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Abortion rights demonstrators outside the Supreme Court building in Washington, May 5, 2022.VALERIE PLESCH/The New York Times News Service

A draft Supreme Court opinion would, if it becomes final, end the 50-year-old nationwide right to an abortion in the United States. Justice writer Sean Fine explains the reasoning of the leaked first take of Justice Samuel Alito’s majority opinion, and why it is sharply at odds with Canadian approaches to constitutional interpretation.

How big a reversal to abortion rights would this opinion be, if it holds up in a final ruling?

A complete reversal. The 1973 Roe v. Wade majority ruling established that a woman’s right to privacy includes the right to choose an abortion, up until the point of fetal viability, under the 14th Amendment of the U.S. Constitution. “In general, the idea of the due-process clause of the 14th Amendment is that there are some rights that are so essential to being a free person, that the government can’t take them away,” said Jill Hasday, the Distinguished McKnight University Professor and Centennial Professor of Law at the University of Minnesota Law School.

In 1992, in Planned Parenthood v. Casey, the court said government cannot place an “undue burden” on the right to choose. The Alito opinion said abortion is a matter for legislators, not judges.

How did Justice Alito arrive at such a different conclusion than Roe and Casey?

The U.S. approach is to look at the country’s law and history to determine whether an aspect of life is a fundamental liberty worthy of protection under the 14th Amendment. But it all depends on the questions the judges ask.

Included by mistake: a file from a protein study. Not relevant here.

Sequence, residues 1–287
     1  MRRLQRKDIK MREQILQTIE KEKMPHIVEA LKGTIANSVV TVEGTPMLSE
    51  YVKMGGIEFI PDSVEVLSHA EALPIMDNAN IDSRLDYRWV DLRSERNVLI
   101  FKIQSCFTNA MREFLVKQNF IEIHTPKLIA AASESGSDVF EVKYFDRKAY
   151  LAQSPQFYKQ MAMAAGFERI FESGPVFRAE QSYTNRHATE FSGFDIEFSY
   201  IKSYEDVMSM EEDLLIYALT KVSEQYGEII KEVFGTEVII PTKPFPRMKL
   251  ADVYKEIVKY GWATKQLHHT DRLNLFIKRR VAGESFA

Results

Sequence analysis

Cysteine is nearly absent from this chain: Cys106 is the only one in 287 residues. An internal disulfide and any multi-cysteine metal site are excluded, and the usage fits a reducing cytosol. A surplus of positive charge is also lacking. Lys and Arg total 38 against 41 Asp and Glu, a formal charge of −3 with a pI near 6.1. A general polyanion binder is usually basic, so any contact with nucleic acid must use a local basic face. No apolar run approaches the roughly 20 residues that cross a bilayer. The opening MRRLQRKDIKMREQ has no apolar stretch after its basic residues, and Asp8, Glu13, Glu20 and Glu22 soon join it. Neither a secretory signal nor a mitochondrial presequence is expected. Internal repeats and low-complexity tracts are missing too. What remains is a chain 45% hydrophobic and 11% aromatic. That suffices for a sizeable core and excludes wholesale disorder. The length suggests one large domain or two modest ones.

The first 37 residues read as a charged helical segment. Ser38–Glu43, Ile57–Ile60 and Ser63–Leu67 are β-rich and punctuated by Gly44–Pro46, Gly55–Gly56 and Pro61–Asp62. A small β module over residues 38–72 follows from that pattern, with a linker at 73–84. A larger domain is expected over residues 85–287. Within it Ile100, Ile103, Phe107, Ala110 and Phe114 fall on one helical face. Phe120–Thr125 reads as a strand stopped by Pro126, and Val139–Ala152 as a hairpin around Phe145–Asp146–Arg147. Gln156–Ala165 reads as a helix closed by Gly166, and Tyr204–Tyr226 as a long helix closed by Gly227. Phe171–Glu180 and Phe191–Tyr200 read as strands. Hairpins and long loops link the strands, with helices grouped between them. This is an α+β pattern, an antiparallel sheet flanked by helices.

In Roe and Casey, judges asked whether the court had connected marriage choices (such as interracial marriage) and contraceptive use to liberty. The answer was yes. They asked whether an unwanted pregnancy could lead to unwanted children and a distressful future. Justice Alito asks a narrower question. Was there an abortion right in previous times, such as when the 14th Amendment was ratified in 1868?

“He’s looking back to a historical period when women are denied the vote and, more generally, almost any legal rights,” Prof. Hasday said. “And he’s saying that’s what the Constitution is embedding for all time.”

Do Canadian judges use similar approaches?


“Courts define a constitutional right’s content on the basis of its purpose, not its historical origins and traditional conceptions of it,” said Joel Bakan, who teaches at the University of British Columbia’s Allard School of Law.

University of Ottawa law professor Carissima Mathen said practices predating the 1982 Charter of Rights and Freedoms “generally are not seen as relevant to the scope of the individual rights and freedoms. And there is a strong tradition in Canadian constitutional interpretation known as ‘living tree’ or ‘progressive interpretation,’ which explicitly rejects the concept of rights frozen to a particular moment in time.”

What does Justice Alito say about abortion as an equality issue?

He rejects it entirely. The 14th Amendment has an equal-protection clause. Challenges to laws brought under this clause, for instance by women or racial minorities, require judges to give strict scrutiny to government action. But the 1973 ruling in Roe v. Wade did not mention equality. Why? Because, Prof. Hasday said, it was just two years earlier that the court began to apply equal protection to women.

The year after Roe, the court decided that discrimination against pregnant women was not a form of sex discrimination. (The Canadian Supreme Court made a similar ruling in 1978, but reversed itself in 1989: “It is a basic biological fact that only women have the capacity to become pregnant.”) In Casey, the U.S. Supreme Court spoke of abortion as an equality issue, connected to women’s economic and social participation in society, while still placing the right to abortion in the due-process clause. Justice Alito says a state’s regulation of abortion is “not a sex-based classification” under precedent.